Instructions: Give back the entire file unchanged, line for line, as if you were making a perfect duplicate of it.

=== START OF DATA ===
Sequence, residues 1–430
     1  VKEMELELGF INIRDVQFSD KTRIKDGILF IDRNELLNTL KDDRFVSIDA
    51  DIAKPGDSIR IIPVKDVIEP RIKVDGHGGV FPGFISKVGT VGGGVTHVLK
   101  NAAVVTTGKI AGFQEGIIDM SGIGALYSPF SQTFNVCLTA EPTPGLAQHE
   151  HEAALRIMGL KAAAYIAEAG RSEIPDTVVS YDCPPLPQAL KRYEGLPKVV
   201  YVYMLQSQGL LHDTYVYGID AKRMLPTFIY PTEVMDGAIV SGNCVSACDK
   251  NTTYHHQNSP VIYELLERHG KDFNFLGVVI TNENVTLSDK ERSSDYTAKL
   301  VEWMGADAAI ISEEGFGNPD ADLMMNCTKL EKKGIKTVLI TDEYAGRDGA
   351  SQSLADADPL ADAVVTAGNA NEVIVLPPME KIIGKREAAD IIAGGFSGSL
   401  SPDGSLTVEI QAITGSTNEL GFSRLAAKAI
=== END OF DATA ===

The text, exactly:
Sequence, residues 1–430
     1  VKEMELELGF INIRDVQFSD KTRIKDGILF IDRNELLNTL KDDRFVSIDA
    51  DIAKPGDSIR IIPVKDVIEP RIKVDGHGGV FPGFISKVGT VGGGVTHVLK
   101  NAAVVTTGKI AGFQEGIIDM SGIGALYSPF SQTFNVCLTA EPTPGLAQHE
   151  HEAALRIMGL KAAAYIAEAG RSEIPDTVVS YDCPPLPQAL KRYEGLPKVV
   201  YVYMLQSQGL LHDTYVYGID AKRMLPTFIY PTEVMDGAIV SGNCVSACDK
   251  NTTYHHQNSP VIYELLERHG KDFNFLGVVI TNENVTLSDK ERSSDYTAKL
   301  VEWMGADAAI ISEEGFGNPD ADLMMNCTKL EKKGIKTVLI TDEYAGRDGA
   351  SQSLADADPL ADAVVTAGNA NEVIVLPPME KIIGKREAAD IIAGGFSGSL
   401  SPDGSLTVEI QAITGSTNEL GFSRLAAKAI